At the time of Jesus’ birth, many Jews were expecting the appearance of the Messiah. When Jesus was brought as an infant to the temple, he was met by those “waiting for Jerusalem’s deliverance” by the promised Messiah. (Luke 2:38) Later, many who observed the works of John the Baptizer wondered: “May he perhaps be the Christ?” (Luke 3:15) What, though, were the Jews in the first century expecting the Messiah to do?
The common belief among the Jews in those days was that the Messiah would come and liberate them from the oppressive Roman yoke and restore the earthly kingdom of Israel. Before Jesus began his ministry, a number of charismatic leaders arose and advocated violent resistance to the existing political rule. What these men did likely influenced the people’s expectations of the Messiah.
Jesus stood in stark contrast to such false Messiahs. He did not promote violence but taught his listeners to love their enemies and to be submissive to the authorities. (Matthew 5:41-44) He rejected the people’s efforts to make him a king. Instead, he taught that his kingdom was to be “no part of this world.” (John 6:15; 18:36) Still, preconceived ideas about the Messiah exerted a very strong influence on the people.
John the Baptizer personally saw and heard miraculous evidence establishing Jesus’ identity as God’s Son. Yet, when John was imprisoned, he sent his disciples to ask Jesus: “Are you the Coming One, or are we to expect a different one?” (Matthew 11:3) Perhaps John wondered if Jesus was indeed the promised Deliverer, who would fulfill the Jews’ expectations.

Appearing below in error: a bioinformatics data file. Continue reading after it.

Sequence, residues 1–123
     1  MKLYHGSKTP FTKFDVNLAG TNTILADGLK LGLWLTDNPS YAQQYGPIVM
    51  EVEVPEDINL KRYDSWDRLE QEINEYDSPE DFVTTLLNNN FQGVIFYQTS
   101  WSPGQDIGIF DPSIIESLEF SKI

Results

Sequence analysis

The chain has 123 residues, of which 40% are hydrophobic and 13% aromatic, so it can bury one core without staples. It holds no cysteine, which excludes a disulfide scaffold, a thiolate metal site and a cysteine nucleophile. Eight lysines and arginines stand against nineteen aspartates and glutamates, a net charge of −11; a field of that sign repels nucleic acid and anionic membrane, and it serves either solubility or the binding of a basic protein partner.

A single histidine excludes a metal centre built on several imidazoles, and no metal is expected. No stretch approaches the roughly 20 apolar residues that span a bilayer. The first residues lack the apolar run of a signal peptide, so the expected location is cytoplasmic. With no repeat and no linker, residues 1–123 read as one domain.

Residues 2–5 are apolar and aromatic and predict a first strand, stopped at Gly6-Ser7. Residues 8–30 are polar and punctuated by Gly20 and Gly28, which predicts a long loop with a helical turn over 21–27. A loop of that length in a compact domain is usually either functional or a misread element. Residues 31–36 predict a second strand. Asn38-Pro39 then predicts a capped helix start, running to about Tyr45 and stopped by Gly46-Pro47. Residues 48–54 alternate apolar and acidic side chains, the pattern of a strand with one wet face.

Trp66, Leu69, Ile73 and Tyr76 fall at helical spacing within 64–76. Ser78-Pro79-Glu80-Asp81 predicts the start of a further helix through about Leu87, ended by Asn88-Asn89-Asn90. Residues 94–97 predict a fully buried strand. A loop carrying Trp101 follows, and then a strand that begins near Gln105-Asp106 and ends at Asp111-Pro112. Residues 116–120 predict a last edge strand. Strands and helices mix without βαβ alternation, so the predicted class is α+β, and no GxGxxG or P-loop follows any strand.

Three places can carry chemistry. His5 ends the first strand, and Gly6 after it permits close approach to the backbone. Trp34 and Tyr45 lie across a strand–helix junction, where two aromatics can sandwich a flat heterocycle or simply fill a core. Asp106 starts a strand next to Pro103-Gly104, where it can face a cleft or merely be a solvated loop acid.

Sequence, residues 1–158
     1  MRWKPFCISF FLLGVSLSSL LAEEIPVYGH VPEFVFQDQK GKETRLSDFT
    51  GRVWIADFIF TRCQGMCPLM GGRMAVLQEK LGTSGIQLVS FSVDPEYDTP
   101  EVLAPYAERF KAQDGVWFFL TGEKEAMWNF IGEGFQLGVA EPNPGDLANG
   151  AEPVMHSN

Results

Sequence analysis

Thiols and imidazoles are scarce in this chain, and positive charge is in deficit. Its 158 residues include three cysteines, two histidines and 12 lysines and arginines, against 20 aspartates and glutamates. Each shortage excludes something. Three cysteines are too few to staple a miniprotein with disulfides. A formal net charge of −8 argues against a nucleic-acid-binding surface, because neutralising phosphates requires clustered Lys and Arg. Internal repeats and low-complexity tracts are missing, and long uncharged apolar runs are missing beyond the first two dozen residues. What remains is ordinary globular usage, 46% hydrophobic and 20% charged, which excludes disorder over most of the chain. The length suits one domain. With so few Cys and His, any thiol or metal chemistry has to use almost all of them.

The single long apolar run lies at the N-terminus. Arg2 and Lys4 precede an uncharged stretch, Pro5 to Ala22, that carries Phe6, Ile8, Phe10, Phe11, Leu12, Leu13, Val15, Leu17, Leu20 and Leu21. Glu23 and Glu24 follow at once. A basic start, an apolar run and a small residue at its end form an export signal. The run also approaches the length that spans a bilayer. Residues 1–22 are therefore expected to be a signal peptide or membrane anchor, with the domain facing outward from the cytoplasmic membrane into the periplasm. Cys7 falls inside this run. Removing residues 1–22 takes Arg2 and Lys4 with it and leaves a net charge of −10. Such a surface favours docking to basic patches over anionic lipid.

Jesus’ apostles found it difficult to understand that he would be killed and then resurrected. On one occasion when Jesus explained that it would be necessary for the Messiah to suffer and die, Peter “took him aside and started rebuking him.” (Mark 8:31, 32) Peter was not yet able to see how Jesus’ death could fit in with his role as the Messiah.
Upon entering Jerusalem shortly before Passover 33 C.E., Jesus was welcomed by enthusiastic crowds hailing him as King. (John 12:12, 13) How quickly the situation changed! Within the week, Jesus was arrested and executed. After Jesus’ death, two of his disciples lamented: “We were hoping that this man was the one destined to deliver Israel.” (Luke 24:21)
Even when the resurrected Jesus appeared to his disciples, the idea that the Messiah would establish an earthly kingdom still lingered. They asked: “Lord, are you restoring the kingdom to Israel at this time?” Clearly, mistaken expectations about the Messiah were deeply entrenched in the hearts and minds of Jesus’ listeners.—Acts 1:6.
After Jesus’ ascension to heaven and the outpouring of the holy spirit, his disciples came to understand clearly that the Messiah would rule as a heavenly King. (Acts 2:1-4, 32-36) The apostles Peter and John boldly preached about Jesus’ resurrection and gave evidence of God’s backing by performing miracles themselves. (Acts 3:1-9, 13-15)
Thousands in Jerusalem responded and became believers. This, however, did not sit well with the Jewish authorities. Just as they had opposed Jesus, they now opposed his apostles and disciples. Why did the Jewish religious leaders so fiercely reject Jesus?